Check out this great footage of a sneaky seal escaping hunting killer whales.
This is a pretty cool video taken by Nick Templeman who runs whale watching excursions on Campbell River in British Columbia, Canada. During a whale watching trip they saw killer whales hunting – which is a pretty amazing sight in itself. But then they noticed a seal sneakily hiding from the killer whales on the back of their boat! They managed to get some great underwater footage of the killer whales searching around the boat, and of the seal hiding from them. That’s a pretty smart move on the seals part!
These are likely to be Bigg’s killer whales (thanks to our friends at the Oceans Institute for the insight!). Bigg’s killer whales are also known as “transient” killer whales. A study by Morin et al in 2010 used genetic analysis to show that mammal-hunting killer whales diverged from other killer whale ecotypes 700,000 years ago and suggested that they be considered a separate species, which many refer to a the Bigg’s killer whale. In British Columbia, Bigg’s killer whales are known to eat seals, sea lions, porpoise, dolphins and even minke and grey whales and this Campbell River region seems to be a hotspot for such activity.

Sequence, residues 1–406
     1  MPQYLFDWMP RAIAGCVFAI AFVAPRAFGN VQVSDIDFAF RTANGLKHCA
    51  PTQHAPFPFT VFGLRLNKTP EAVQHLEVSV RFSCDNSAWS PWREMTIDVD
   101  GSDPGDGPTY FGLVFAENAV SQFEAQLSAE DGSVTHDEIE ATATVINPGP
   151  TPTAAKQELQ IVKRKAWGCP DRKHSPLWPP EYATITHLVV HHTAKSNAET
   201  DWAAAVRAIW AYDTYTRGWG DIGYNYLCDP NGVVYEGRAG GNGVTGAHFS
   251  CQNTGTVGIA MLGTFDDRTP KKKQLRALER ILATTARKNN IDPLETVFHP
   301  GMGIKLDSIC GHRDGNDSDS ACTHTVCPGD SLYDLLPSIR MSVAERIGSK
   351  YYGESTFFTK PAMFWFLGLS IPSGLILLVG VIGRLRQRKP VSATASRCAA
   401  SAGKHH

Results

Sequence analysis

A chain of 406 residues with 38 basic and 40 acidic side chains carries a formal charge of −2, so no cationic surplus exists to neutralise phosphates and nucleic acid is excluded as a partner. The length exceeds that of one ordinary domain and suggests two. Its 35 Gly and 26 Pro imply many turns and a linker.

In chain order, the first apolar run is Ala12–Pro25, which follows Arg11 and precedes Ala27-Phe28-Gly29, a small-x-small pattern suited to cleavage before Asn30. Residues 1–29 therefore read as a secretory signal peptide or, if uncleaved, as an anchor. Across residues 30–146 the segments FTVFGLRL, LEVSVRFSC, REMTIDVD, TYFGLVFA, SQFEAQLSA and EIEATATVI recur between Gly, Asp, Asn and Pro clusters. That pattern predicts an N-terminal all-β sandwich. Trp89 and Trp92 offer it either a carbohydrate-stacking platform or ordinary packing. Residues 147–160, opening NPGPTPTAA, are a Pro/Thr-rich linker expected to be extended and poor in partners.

The distinction of whether or not these are separate species is important in terms of conservation. There are 4 populations in the North Pacific which are genetically and ecologically distinct:
- Bigg’s (transient) killer whales: mammal hunters often off the coast of BC and considered to be a threatened population
- Northern Resident killer whales: inshore fish eating whales found in northern BC and SE Alaska that are considered to be a threatened population
- Southern Resident killer whales: inshore fish eating whales found in southern BC and Washington State that are considered to be an endangered population
- Offshore killer whales: fish-eaters found along the continental shelf from the Aleutian Islands to California that are considered to be a threatened population
Read more about Bigg’s killer whales here.